Roger got through the match while serving at only 51%, which is quite frankly outstanding (that he came through in 6-2 and 6-1 sets, not the serve percentage).  The quality of play in sets one and three was so good that he did not need to rely on his serve to make things happen.  Added to that, Ferrero served at 79 percent.  Overall, it was a fine match on both sides: we saw the great, stylistic play of Federer and we also saw the best of Ferrero, which is great to see at his age (32).

Federer used all his variety to stun the audience; he hit forehand and backhand winners equally brilliantly, and he mixed in some drop shot masterpieces as well as some cute drop shot fakes, which always bring thoughts of Roger trolling his opponent.  As some commentators would say, the weapon had been sharpened, and his full repertoire was on display (which is a much fuller repertoire than anyone else).

Novak Djokovic needed three sets to get through Juan Monaco 46 62 63.  On the contrary, Rafael Nadal breezed by Marcel Granollers in a double breadstick, 61 61.  Berdych beat Almagro, Ferrer beat Simon, Tsonga beat del Potro, and Richard Gasquet upset Andy Murray 67(1) 63 62. (Ironically, this is the second straight year Gasquet has upset a top player in the 3rd round, as last year he beat Roger in the 3rd round as well.)  Andreas Seppi overcame Stan Wawrinka in three tiebreak sets, saving 6 match points to amaze his home crowd.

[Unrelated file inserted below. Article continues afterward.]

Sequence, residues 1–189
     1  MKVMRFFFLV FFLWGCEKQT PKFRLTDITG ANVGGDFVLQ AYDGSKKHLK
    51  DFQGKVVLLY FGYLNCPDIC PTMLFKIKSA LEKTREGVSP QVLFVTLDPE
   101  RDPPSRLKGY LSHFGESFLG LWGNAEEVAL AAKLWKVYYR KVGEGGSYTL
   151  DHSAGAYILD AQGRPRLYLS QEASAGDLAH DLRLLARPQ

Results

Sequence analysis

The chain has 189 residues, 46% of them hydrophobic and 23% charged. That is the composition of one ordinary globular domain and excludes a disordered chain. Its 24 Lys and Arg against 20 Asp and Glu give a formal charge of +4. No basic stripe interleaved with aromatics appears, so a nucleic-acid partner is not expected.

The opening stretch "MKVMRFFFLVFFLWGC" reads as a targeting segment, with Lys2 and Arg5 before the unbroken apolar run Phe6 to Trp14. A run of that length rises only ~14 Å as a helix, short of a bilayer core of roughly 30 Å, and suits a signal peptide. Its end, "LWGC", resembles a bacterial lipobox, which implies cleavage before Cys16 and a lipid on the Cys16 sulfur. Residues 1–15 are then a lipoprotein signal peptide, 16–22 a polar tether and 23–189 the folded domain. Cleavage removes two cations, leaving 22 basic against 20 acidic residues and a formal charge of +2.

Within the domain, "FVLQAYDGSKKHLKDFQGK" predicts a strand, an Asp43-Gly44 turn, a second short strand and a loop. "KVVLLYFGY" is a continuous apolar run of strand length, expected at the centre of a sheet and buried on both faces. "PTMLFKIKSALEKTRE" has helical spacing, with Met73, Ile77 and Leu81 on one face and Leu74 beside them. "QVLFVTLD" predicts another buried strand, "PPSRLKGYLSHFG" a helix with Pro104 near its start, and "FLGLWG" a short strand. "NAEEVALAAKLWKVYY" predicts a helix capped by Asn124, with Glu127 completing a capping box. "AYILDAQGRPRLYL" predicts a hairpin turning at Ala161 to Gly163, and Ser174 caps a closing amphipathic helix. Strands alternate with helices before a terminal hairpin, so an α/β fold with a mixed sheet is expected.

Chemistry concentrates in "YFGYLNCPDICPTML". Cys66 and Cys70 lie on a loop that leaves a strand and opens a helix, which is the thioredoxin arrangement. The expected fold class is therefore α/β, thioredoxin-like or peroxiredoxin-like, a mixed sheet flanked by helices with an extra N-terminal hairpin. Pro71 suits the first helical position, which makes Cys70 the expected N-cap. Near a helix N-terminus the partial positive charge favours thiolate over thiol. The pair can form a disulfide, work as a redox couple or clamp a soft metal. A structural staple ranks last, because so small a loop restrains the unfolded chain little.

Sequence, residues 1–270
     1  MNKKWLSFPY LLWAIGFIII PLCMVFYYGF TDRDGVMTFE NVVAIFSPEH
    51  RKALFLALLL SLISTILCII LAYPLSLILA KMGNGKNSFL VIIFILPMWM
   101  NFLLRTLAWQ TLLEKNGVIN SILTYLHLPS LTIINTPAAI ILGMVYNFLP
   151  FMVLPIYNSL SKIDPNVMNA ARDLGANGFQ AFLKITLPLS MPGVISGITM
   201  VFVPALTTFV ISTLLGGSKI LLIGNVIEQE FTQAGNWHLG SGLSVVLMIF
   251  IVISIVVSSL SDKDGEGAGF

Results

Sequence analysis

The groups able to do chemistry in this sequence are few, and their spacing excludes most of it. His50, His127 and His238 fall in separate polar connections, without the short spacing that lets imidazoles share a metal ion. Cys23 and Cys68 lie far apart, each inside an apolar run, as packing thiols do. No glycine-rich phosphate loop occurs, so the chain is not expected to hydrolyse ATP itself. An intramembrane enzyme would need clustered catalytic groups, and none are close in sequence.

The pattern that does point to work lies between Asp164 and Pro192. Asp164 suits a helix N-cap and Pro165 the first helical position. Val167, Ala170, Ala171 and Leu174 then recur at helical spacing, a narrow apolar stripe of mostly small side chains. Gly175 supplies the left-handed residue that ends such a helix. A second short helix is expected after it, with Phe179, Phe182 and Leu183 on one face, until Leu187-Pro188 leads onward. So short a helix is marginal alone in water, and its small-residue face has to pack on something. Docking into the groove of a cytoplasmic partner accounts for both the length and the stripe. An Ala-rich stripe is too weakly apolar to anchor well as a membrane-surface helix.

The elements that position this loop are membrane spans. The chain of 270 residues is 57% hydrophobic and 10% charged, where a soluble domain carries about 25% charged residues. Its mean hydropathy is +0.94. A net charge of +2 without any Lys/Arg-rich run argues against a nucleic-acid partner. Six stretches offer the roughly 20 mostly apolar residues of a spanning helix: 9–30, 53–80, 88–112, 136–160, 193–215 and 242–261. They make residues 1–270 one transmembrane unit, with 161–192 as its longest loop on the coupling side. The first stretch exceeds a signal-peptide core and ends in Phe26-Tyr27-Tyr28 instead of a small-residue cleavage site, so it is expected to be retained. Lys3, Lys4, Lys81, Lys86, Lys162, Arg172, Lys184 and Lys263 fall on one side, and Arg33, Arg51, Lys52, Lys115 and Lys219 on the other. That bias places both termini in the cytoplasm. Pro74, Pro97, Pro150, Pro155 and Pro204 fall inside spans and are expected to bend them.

Where Seppi had his dream performance and became a hero in front of his Italian crowd, Andy Murray keeps struggling.  Since Dubai, Andy has not made it to the semifinals of all but one tournament (Miami), losing to Guillermo Garcia-Lopez in the 2nd round of Indian Wells, Berdych and Raonic in the quarters of Monte Carlo and Barcelona, and now here vs Gasquet in Rome.  Things are not looking good for his Roland Garros chances.  Should he go out early there, it makes it all the more important that Roger have the chance to be on the opposite side of the draw from Djokovic and Nadal, if possible.

The quarterfinal matches are as follows:

(1) Novak Djokovic vs (5) Jo-Wilfried Tsonga
(2) Rafael Nadal vs (7) Tomas Berdych
(3) Roger Federer vs Andreas Seppi
(6) David Ferrer vs (16) Richard Gasquet

The biggest chance for an upset is likely Berdych vs Rafa, if only for how great Berdych played in Madrid, and he seems to have carried the momentum over.  I can't see Seppi beating Roger of course, and Djokovic should take care of Tsonga, but you just never know with Jo.  Ferrer should handle Gasquet, even if Richard does play very well on this Rome surface.